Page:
This becomes problematic if one is using an antenna with a relatively flat gain across the entire HF spectrum - and one wishes to make the receiver usable at both the top and bottom ends of this range. As an example, I have a KiwiSDR connected to an antenna that is rated to cover from 3 to 30 MHz with roughly constant gain, but I noted that at the top end of the frequency range, around the 10 meter amateur band, the overall system gain was not quite sufficient to "hear" the background iononspheric noise.
The obvious solution to this gain deficit is to install an RF amplifier - which I did - but this had the effect of increasing the already-strong signals below 5-10 MHz even more, resulting in occasional "OV" indications on the KiwiSDR's S-meter signalling to me that the RF levels were high enough to "clip" the A/D converter. While this wasn't too much of a problem during normal conditions, if the lower HF band were particularly noisy - as often occurs in the summer with thunderstorms on the same continent - reception across the entire HF spectrum was compromised when the loud static crashes would occasionally saturate the A/D converter.
It occurred to me that while I had about the right amount of system gain on 10 meters, I had far more than I needed at lower frequencies and could throw some of it away, so I set about designing a filter that would reduce signals at the low end of the HF spectrum, but have minimal effect at the upper end.
A "limited" high-pass filter:
The obvious solution to this would be the addition of a high-pass filter - but there's a problem: Even a minimal high-pass filter would have increasingly-higher attenuation at lower and lower frequencies - potentially in the many 10s of dB - but we don't really want to get rid of the lowest frequencies. What we need is a filter that will "knock down" signals by a significant amount - but not so much that they become inaudible.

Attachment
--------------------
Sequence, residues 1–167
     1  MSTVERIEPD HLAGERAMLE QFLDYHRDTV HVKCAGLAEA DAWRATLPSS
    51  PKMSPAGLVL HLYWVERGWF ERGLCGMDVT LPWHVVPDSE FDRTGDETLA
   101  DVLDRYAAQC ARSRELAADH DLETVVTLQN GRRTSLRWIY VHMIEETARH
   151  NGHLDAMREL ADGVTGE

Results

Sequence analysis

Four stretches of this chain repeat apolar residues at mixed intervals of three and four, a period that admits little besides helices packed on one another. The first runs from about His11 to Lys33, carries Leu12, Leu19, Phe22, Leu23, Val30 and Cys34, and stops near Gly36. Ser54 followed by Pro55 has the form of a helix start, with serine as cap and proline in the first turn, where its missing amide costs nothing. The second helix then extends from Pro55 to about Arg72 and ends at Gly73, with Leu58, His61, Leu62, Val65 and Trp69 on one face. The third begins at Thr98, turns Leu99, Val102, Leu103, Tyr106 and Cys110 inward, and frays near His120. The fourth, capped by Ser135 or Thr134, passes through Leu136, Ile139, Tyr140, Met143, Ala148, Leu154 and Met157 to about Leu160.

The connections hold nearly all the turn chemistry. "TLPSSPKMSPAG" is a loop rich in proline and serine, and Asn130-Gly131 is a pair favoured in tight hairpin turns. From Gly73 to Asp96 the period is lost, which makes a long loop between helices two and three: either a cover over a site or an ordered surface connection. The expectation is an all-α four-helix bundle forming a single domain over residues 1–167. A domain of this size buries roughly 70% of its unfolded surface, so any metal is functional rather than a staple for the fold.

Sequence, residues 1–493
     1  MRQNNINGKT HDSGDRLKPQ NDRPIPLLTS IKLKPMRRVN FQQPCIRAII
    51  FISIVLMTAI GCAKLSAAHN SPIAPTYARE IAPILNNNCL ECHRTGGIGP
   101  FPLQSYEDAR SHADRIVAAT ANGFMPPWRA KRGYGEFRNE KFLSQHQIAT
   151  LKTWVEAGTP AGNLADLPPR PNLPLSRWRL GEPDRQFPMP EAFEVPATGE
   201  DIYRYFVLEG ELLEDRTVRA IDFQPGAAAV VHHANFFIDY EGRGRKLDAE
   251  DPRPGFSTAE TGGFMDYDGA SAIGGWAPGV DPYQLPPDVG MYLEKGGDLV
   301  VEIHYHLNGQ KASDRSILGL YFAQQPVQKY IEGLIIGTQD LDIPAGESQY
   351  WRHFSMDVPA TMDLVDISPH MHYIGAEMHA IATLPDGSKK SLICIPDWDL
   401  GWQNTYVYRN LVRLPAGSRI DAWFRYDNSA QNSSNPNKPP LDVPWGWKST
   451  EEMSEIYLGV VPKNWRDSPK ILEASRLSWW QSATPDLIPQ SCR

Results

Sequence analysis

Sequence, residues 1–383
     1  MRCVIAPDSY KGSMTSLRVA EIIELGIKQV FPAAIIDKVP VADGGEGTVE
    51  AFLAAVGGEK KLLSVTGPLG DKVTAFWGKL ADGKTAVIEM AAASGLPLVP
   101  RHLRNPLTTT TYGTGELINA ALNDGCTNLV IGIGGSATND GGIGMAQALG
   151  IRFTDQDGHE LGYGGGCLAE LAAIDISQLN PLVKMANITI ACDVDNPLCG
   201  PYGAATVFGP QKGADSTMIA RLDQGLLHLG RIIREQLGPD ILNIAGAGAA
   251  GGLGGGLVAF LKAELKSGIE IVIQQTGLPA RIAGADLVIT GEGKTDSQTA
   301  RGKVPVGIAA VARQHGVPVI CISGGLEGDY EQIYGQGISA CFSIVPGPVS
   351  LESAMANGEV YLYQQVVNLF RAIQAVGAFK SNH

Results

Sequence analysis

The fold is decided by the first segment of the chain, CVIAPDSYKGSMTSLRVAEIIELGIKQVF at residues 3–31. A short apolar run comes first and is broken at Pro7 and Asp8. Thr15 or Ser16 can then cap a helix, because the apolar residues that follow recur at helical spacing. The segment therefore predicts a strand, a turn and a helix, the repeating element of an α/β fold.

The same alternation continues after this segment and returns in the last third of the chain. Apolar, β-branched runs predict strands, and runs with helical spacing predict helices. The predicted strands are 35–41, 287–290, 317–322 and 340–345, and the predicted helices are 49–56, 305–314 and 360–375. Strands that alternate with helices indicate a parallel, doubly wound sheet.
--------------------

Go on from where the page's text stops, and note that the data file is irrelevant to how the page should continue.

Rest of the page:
In analyzing the signal levels, I determined that the goal of the design would be to leave signal levels above about 10 MHz unaffected, but reduce the signals below 8 MHz or so by 10-15dB. This amount of attenuation (about 2 "S" units) would significantly reduce the amount of RF energy entering the A/D converter at these frequency (about 2 "bits" worth) but analysis of the noise floor and signal levels at these lower frequencies indicated that I would still be able to hear the noise floor.
The diagram of this filter is shown below:
As tested on a spectrum analyzer, the insertion loss is 12-13dB from DC to about 4 MHz at which point it gradually drops to about 2dB at 11 MHz and then dropping to less than 1dB by 30 MHz. When doing an "A/B" comparison with and without the filter on the KiwiSDR, the waterfall above 10 MHz looked unchanged by the signal below about 7 MHz were much less "bright" - and most importantly, the occasional "OV" indications on the S-meter pretty much stopped appearing altogether.
In my opinion, the RF input on the KiwiSDR is slightly deaf, requiring a bit of gain (say, 6-10dB) to be able to reliably hear the background ionospheric noise on the higher HF bands - particularly when they are closed - a problem compounded by normal amplitude roll-off as one nears the Nyquist frequency. To this end, the KiwiSDR at this location is preceded by a low-noise, high dynamic range RF amplifier that is flat from a few 10s of kHz to well over 30 MHz.
The components for construction of this filter aren't critical: The capacitors are high-stability NP0 (a.k.a. C0G) ceramic types while L1-L3 are wound using 30 AWG enameled wire with L1 and L2 having 15 turns and L3 having 12 turns on T37-2 toroidal cores, respectively. L4 is a an inexpensive molded inductor and its value can be anything from 2.2 to 3.3 uH, or one could make it by winding 25 turns on the same type of T37-2 toroidal cores as used for L1-L3.
A look at the Kiwi's waterfall with the filter:
Figure 3, below, shows this filter in place on the KiwiSDR at the Northern Utah WebSDR site:
If I build another of these filters I'll push the "knee" up 1-2 MHz higher, starting the roll-off of signals below 11-12 MHz, instead.
This filter seems to be very effective in reducing the total signal power from lower HF frequencies while having minimal effect at higher frequencies. Because the signal+noise levels from a broadband antenna are much higher at the lower end of the spectrum, it is possible to reduce these signals by 2 "S" units or so without dropping the background noise - or the signals themselves - below the noise floor of the receiver.
For information on a filter system that is specifically designed to attenuate AM (MW) broadcast band signals, see the article "Managing HF signal dynamics on the RTL-SDR (and KiwiSDR) receivers", also on this blog.
This page stolen from ka7oei.blogspot.com